Good negotiation also helps in achieving a long-lasting solution rather than haphazard short-lived solutions that do not fulfil the requirements of either party. Even in business negotiations, the good impression left by a person on the other party continues to have a positive impact on the future meetings between them.


Negotiation Process

As mentioned earlier, negotiation is a way by which people settle disputes. It is a process through which a compromise or agreement is reached while avoiding argument and dispute.

The process of negotiation involves certain steps which are explained as follows:

Preparing and planning

It is the first stage of the negotiation process that is related with preparing parties for negotiation in case of conflicts. It is ensured that all required information is available before starting the negotiation process. For example, what kind of conflict is it? Which parties are involved? What has already been done to resolve the matter? What do parties think about each other?

Defining ground rules

In the next stage of the negotiation process, the rules are clearly defined. Certain questions are considered while defining the ground rules. These questions can be: Where will negotiations take place? Who will be the negotiator? Who will start the negotiation first? What happens if there is no agreement?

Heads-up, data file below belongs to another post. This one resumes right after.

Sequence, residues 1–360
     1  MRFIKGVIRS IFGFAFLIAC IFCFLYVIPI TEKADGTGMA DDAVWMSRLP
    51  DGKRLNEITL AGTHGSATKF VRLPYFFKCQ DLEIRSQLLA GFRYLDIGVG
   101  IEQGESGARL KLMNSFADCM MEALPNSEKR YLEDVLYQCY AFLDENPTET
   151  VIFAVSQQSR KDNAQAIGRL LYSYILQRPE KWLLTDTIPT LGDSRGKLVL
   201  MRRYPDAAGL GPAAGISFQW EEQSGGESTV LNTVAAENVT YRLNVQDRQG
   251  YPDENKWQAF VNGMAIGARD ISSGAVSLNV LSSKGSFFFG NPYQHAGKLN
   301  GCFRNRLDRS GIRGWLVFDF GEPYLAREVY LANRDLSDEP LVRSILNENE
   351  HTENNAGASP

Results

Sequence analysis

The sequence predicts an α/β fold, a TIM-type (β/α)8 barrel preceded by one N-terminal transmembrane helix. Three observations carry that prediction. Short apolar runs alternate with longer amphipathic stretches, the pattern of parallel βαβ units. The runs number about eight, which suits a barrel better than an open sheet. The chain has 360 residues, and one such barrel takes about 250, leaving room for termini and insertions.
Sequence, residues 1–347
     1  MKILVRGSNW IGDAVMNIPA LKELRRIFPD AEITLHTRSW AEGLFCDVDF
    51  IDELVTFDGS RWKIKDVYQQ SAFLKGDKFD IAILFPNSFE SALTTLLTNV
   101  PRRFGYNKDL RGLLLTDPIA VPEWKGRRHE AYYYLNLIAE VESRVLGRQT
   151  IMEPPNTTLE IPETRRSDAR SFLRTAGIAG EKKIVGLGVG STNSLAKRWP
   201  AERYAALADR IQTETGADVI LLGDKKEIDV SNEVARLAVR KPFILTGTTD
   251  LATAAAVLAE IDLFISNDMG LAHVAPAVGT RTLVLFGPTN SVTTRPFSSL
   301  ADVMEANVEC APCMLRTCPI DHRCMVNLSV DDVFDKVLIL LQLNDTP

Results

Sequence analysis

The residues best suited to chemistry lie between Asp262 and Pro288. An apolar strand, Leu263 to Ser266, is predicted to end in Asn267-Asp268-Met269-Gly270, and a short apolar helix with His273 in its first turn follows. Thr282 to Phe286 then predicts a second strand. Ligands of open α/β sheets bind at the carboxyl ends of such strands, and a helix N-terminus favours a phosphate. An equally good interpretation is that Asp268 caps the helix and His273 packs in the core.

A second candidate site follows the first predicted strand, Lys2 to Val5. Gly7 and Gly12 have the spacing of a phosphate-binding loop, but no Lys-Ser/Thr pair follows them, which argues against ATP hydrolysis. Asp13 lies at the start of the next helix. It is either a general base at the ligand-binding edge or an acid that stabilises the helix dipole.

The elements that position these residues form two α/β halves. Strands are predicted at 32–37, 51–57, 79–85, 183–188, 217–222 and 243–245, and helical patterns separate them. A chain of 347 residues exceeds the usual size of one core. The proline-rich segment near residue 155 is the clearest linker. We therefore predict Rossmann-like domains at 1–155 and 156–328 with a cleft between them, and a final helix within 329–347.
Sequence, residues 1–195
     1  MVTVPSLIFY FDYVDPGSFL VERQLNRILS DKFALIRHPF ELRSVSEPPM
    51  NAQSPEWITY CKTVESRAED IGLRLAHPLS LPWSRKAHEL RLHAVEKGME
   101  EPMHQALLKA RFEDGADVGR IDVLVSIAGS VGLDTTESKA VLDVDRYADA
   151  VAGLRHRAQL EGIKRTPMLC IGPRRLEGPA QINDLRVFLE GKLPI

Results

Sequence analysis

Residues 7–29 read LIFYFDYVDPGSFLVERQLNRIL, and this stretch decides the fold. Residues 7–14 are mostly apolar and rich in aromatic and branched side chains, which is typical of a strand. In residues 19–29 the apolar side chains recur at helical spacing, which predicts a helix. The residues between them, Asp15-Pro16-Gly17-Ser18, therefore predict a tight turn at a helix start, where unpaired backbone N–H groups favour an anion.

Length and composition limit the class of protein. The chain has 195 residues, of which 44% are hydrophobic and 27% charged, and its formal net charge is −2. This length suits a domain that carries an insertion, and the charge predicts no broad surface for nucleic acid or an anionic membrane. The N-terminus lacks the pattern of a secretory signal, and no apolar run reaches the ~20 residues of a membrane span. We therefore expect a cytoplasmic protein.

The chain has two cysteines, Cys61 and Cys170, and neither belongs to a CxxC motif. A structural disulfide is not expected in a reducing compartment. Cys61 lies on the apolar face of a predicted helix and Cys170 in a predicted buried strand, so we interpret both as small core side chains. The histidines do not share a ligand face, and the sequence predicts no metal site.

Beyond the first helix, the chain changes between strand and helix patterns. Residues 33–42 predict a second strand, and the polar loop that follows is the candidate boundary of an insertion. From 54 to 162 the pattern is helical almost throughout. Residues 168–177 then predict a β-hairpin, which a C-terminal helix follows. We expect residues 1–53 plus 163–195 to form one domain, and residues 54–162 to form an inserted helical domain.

Offering clarification and justification

In this stage of negotiation, both the parties get the chance to clarify and justify their original demands. At this stage, parties discuss their views regarding the conflict and justify the reasons for their demands.

Bargaining and problem solving

At this stage, parties make and manage their concessions in bargaining. This stage is the heart of the negotiation process in which parties claim value for themselves by maximising their interest. Having clarity of objectives is of utmost importance.

Closure and implementation

This is the final stage of negotiation wherein both the parties reach at an agreed conclusion and the process of negotiation comes to an end.


Learning Effective Negotiation Skills

Negotiation skills are paramount to sort out any differences that emerge between different people in a business environment. An effective negotiator trusts his/her communication calibre to carry out negotiations seamlessly and amicably. Effective negotiation skills are one of the most sought after skills demanded by organisations.

The following are some of the negotiation skills that should be learned:

Active listening

An active listener will refrain from reacting impulsively to a conflicting situation. It is important to actively listen to the parties involved to find the scope of compromise. Instead of spending the majority of the time in explaining personal viewpoint, a skilled negotiator will devote more time paying heed to the other party.

Effective communication

Good negotiators should have a calibre to communicate lucidly and effectively to the other party. Misapprehensions can surface if the negotiator does not state viewpoints or words clearly. During a bargaining meeting, an effective negotiator should have the skills to reach a favourable outcome along with proper reasoning.

Problem solving